- Place the partial bottle on the digital scale, where its weight is quickly captured.
- Replace the bottle on the shelf and move to the next product.
As you can imagine, an inventory of your bar's stations using this type of system is going to progress very quickly, since the process is basically "scan a bottle... weigh the bottle".
These systems, because they are full-fledged applications, are also capable of real-time "on-the-spot" validation to ensure that the inventoried values for each product pass a "sanity check". This ensures that the inventory is accurate while you're standing there at the station, where it's easy to pick up bottles you might have missed and inventory them.
- Regulated Pour Spouts
Regulated pour spouts are devices that are attached to the neck of every bottle behind your bar's stations. When a drink is ordered, the bottle of liquor is inserted into a "ring" device which limits the quantity of product which can be poured from the bottle.
In theory, these are a great system, provided you are serving customers who cannot see their drinks being poured. Regulated pour spout systems are universally reviled -- by customers and bartenders alike. Customers don't like seeing their drinks and shots being poured with such obsessive controls - leaving a distinctly unfavorable, "cheap" impression with the customer. Bartenders dislike giving that unfavorable impression, as well as the mind-numbingly slow rate that these regulated pour spouts allow product to flow from the bottle. During your bar's busiest times, your bartenders don't want to be waiting for the bottle's pour spout to dribble out a shot for every drink they make.
A skilled bartender can accurately and reliably "free pour" a shot when mixing drinks -- in a way that doesn't project an "uptight" image that regulated pour spouts do -- but also in an accurate manner that conforms to the serving size (that is, "shot size") mandated by your bar's ownership/management team.
Not to mention the fact that every regulated pour spout system can be circumvented by creative and knowledgeable bartenders.
- Wireless/RFID Systems
Wireless / RFID systems look to be a great "hands-free" system for liquor inventory management -- since the pour spouts attached to each bottle behind the bar transmit real-time pour information of those products as they are being poured into drinks. But that "convenience" usually comes at a high price -- literally and figuratively.
The monetary costs associated with these types of systems are extremely high - as each bottle must be outfitted with its own battery-powered pour spout. "Battery powered" implies "a bunch of pour spouts with eventually-dead batteries", such that much of the capital outlay for the initial investment must be made every couple of years or so.
And if you read the fine print on the product specifications of these wireless systems, you'll find that the pour spouts are "accurate to 1/10 of an ounce". If your shot size is 1.5 fl. oz., then right off the bat, your inventory system's accuracy is reduced by almost 7% (1.0 fl. oz. -- 10%, 1.25 fl. oz. -- 8%)! If you grant your bartenders a +/- 10% "cushion" for over/under-pouring -- where is the benefit of deploying an inventory system if the very best that the system can promise in terms of accuracy is the very cushion that you're allowing for your bartenders?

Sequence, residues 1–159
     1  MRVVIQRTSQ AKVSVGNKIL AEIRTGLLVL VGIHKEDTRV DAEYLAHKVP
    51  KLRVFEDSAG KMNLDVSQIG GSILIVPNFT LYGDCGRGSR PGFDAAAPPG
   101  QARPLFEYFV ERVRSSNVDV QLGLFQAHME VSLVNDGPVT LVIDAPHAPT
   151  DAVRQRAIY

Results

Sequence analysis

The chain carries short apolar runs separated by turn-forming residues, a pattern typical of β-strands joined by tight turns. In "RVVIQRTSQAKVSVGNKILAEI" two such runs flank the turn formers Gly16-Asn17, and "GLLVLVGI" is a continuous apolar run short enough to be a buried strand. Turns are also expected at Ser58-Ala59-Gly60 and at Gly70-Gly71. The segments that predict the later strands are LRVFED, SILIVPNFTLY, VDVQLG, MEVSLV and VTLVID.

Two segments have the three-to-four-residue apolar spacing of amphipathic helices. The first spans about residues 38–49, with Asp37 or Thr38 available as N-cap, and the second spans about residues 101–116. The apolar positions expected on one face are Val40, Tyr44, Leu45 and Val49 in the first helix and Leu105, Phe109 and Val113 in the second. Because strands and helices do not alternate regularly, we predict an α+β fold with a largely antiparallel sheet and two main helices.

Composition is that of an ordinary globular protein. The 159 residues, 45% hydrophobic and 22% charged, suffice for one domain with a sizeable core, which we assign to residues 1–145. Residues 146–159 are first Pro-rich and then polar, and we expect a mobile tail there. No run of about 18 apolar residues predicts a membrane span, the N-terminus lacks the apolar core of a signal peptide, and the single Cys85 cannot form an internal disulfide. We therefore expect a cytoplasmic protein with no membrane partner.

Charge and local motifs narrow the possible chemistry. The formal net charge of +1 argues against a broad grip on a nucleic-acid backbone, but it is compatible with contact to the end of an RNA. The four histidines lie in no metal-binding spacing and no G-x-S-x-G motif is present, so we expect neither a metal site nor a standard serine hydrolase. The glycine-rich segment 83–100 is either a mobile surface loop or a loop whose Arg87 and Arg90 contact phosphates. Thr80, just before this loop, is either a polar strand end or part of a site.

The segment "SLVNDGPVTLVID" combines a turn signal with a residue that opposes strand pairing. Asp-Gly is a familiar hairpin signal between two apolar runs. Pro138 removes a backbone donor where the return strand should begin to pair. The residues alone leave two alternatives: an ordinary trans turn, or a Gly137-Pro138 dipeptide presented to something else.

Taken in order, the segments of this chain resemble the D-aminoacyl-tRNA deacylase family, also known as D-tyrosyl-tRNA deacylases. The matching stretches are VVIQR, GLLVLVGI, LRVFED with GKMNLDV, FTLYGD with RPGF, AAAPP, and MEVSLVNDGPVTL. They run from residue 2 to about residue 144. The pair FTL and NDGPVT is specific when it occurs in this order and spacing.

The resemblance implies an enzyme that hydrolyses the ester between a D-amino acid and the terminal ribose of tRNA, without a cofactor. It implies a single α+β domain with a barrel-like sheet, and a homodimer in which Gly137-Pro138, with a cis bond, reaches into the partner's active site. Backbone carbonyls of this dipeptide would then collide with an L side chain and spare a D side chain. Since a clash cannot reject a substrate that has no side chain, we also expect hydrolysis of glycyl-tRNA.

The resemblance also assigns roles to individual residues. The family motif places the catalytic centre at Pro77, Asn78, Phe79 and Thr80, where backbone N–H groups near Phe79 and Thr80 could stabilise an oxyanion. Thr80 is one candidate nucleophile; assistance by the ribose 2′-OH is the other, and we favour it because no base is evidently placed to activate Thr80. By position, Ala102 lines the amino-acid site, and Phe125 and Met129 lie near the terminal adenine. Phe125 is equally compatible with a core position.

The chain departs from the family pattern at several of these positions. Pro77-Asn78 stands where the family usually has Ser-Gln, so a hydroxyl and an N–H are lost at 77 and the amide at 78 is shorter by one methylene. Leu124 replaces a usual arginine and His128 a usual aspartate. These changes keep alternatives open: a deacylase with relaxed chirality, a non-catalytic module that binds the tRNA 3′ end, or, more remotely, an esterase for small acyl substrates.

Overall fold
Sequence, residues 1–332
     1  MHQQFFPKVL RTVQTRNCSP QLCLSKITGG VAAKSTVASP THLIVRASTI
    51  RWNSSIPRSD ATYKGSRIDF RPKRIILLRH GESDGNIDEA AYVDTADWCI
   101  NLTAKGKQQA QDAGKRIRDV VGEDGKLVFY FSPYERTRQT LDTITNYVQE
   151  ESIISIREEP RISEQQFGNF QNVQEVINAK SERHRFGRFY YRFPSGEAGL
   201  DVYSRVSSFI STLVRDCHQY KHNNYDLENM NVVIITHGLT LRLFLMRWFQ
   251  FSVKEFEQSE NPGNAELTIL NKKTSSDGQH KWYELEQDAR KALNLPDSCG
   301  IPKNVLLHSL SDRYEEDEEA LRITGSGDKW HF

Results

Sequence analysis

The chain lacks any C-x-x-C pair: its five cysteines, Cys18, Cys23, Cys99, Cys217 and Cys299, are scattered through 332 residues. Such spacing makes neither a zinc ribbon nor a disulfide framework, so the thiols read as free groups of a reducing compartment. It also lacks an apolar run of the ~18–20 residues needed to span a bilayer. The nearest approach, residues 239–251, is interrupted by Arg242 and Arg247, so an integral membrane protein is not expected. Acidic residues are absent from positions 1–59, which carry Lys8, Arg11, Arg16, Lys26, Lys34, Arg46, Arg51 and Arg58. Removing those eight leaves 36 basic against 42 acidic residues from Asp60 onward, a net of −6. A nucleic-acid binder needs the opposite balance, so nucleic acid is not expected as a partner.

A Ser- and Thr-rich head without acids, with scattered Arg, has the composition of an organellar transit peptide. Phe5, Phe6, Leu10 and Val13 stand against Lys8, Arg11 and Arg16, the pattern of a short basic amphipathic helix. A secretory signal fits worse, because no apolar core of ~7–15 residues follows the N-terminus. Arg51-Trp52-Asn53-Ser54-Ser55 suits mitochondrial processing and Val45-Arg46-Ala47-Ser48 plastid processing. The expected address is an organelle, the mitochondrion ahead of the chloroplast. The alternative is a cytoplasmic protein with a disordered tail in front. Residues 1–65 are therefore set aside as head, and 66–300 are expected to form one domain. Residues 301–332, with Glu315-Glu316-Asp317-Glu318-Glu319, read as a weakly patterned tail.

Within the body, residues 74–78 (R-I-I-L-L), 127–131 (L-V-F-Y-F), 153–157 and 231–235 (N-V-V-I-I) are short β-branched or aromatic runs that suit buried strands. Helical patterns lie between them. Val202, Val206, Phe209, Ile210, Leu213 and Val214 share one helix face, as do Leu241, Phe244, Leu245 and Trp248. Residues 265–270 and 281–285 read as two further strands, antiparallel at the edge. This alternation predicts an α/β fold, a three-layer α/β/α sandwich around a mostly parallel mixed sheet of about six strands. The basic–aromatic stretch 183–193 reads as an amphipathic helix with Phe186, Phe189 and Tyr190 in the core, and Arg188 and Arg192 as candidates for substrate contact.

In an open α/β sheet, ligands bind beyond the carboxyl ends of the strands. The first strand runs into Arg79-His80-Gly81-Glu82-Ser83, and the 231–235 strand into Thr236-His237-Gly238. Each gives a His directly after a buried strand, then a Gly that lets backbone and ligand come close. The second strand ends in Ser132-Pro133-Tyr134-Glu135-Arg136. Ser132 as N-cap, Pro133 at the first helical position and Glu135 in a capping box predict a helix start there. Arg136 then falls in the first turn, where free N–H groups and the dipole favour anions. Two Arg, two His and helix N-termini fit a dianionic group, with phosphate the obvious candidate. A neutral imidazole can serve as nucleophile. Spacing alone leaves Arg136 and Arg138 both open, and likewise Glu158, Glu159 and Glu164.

There's also a human -- or staffing -- cost to these pour spouts. You must depend upon your staff to get the correct pour spout onto the correct bottle when you're pouring their way through six or more bottles of your well vodka on a busy night. Get the wrong pour spout on the wrong bottle and your pouring numbers are going to be wildly unreliable. A network failure, server failure, or even a computer reboot during operating hours results in a pour spout blindly transmitting pour data to a server which is not listening -- thus missing those pours completely.
A bartender determined enough to steal liquor from you is also going to be bold enough to thwart a system that utilizes wireless, low-power, low-frequency micro-transmitters to communicate pour data. Shielding the pour spout -- even with just a strategically-placed hand between the pour spout and the antenna -- as the bottle is up-righted after a pour is enough to disrupt the transmission, effectively "losing" the pour data for that drink. It doesn't take many such disruptions before the the seeds of doubt are effectively sowed with respect to the integrity and reliability of this expensive new liquor inventory system.
And finally, these wireless systems don't negate the need for daily, at-station inventories - since products for which no pour spout can be attached (bottles and cans of beer, wine bottles, Jell-o™ shots, etc.) must still be manually counted and entered into the system.
Everybody's probably used (or at least seen) the clipboard-based system for keeping track of their bar's inventory. It's not very fast so you don't do it very often and it doesn't save you any time. Nor is it very accurate, so you really can't use the results to determine if your bartenders are over-pouring.
Clipboard-based Liquor Inventory Systems are used only by people who feel like they should be managing their bar's inventory, but are either unaware of the vast advances made in the field of Liquor Inventory Systems over the past decade or so or are unwilling to invest in the tools required to run their bar profitably!
One step up from the clipboard-based Liquor Inventory Systems are the spreadsheet-based systems, which are fundamentally a manual system -- unable to offer the hardware integration needed to make the inventory process both fast and accurate.